By 1905 dissatisfaction with bland, lifeless coinage designs prepared exclusively by engravers at the U. S. Mint in Philadelphia, prompted President Theodore Roosevelt to commission new coin designs from some of America’s best art-ists and medalists. Beginning with sculptor Augustus Saint-Gaudens’ work in 1907, the redesign project outlived Roosevelt, Taft and Wilson administra-tions, and World War I to produce new circulating coins of the highest artistic standards.
"Renaissance of American Coinage 1916–1921" describes the origin, design and initial striking of these small medallic ambassadors. The story chronicles initial con-sultation with the Commission of Fine Arts, bureaucratic confusion, interfer-ence by vending machine companies and newspapers, to last minute altera-tions, and final production. In telling this fascinating story, author Burdette reveals long-untouched correspondence, drawings and models by sculptors Hermon MacNeil, Adolph Weinman, Albin Polasek and Anthony de Francisci.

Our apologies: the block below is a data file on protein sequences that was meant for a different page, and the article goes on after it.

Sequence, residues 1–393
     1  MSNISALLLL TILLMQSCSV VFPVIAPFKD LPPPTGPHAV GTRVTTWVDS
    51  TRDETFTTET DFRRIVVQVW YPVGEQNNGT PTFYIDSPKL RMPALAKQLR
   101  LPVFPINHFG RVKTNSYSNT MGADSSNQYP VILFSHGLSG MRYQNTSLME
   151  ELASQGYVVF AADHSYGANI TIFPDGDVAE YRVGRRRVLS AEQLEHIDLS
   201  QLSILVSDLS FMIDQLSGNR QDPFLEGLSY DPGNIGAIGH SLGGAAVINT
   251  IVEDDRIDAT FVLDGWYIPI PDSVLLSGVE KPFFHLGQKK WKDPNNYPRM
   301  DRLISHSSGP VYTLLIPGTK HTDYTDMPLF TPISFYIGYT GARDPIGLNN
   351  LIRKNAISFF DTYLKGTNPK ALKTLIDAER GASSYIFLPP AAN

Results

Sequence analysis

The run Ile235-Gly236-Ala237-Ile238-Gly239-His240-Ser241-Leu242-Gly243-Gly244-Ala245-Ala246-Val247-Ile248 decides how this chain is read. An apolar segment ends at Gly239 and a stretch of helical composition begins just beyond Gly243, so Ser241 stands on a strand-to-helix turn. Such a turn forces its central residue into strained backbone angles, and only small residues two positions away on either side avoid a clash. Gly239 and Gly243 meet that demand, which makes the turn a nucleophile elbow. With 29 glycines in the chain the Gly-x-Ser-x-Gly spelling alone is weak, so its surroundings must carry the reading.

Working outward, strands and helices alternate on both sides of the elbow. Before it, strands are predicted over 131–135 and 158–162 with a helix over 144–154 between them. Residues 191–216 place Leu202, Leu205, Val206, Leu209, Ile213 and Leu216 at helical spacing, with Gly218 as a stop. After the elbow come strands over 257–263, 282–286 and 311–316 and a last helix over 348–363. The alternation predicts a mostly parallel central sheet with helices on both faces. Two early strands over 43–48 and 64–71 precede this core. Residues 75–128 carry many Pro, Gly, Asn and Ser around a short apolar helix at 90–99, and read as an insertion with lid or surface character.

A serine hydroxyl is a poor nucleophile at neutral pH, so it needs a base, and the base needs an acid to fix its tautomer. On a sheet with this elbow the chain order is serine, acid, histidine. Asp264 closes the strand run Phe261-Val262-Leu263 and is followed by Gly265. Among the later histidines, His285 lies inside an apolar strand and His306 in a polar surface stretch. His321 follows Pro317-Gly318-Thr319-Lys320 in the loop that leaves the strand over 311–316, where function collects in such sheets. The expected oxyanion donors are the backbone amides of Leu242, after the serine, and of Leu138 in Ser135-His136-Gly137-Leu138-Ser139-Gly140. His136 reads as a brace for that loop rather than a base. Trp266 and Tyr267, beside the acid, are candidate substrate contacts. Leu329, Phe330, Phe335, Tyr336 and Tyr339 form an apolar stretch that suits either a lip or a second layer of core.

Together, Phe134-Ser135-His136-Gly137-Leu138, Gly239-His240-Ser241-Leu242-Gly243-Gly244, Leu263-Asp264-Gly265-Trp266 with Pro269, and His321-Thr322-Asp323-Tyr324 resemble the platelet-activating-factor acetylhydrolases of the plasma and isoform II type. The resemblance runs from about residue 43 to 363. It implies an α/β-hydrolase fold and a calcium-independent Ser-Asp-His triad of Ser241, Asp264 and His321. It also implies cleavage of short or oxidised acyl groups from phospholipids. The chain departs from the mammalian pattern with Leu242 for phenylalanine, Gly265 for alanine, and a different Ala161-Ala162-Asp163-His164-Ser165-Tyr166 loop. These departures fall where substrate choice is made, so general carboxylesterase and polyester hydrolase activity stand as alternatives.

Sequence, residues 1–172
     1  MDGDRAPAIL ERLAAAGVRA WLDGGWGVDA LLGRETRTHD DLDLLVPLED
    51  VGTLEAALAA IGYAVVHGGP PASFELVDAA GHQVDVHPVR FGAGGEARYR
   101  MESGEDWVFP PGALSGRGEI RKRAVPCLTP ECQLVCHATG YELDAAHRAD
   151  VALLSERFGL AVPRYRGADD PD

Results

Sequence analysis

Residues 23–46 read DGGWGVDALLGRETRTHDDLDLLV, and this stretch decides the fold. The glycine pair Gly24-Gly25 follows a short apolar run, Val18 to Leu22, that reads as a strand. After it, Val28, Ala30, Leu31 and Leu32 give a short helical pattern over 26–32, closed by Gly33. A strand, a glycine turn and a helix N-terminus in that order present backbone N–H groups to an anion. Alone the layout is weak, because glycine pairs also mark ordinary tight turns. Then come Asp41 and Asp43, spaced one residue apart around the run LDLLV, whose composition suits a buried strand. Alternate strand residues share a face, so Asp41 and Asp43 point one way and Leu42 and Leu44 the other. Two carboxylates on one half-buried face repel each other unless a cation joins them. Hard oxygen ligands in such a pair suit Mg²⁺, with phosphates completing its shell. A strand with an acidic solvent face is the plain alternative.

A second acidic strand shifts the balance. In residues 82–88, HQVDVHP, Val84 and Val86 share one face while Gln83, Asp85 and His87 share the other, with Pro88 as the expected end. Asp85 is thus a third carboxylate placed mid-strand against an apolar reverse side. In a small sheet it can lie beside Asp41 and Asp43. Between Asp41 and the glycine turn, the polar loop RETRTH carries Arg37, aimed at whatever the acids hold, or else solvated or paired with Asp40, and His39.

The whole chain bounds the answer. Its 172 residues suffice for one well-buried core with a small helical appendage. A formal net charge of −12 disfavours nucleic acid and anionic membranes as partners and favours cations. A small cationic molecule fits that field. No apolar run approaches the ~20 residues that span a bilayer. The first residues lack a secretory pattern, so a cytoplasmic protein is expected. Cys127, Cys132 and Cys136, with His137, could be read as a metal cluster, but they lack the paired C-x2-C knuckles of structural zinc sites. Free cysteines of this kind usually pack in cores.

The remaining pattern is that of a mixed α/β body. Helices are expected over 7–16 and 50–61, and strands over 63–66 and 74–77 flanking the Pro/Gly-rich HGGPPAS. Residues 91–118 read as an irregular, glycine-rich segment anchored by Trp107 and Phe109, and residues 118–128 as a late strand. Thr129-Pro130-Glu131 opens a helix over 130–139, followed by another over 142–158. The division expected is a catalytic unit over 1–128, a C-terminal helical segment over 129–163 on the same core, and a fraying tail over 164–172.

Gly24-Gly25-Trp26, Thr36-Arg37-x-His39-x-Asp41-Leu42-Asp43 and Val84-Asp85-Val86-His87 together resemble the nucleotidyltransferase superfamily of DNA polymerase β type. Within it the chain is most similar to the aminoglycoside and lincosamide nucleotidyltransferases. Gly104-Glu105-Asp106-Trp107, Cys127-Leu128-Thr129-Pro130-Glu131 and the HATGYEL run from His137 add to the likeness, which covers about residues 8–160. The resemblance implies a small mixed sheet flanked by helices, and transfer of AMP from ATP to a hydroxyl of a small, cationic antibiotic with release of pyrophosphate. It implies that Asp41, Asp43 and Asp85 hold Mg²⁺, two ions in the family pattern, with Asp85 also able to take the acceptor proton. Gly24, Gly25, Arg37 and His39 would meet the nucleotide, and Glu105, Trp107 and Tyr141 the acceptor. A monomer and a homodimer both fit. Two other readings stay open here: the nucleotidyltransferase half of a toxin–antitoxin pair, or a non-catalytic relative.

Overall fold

Authoritative text, extensive illustrations and thorough referencing make "Renaissance of American Coinage 1916–1921" the only comprehensive source for this important, but often overlooked aspect of American art and numismatics. This book will be of special interest to historians of the early 20th century, coin col-lectors and fine art sculptors. It is intended to become a standard reference for libraries and historical research facilities.
"Renaissance of American Coinage 1916–1921" is the first of three books exploring the coinage redesign of 1907-1921. Companion volumes are expected to be released in early 2006 and 2007.
The book is available direct from Seneca Mill Press LLC, PO Box 1423, Great Falls VA 22066 for $64.95 plus $4.50 postage, or from several resellers including American Numismatic Rarities, Amos Advantage, R. M. Smythe and Edelman's.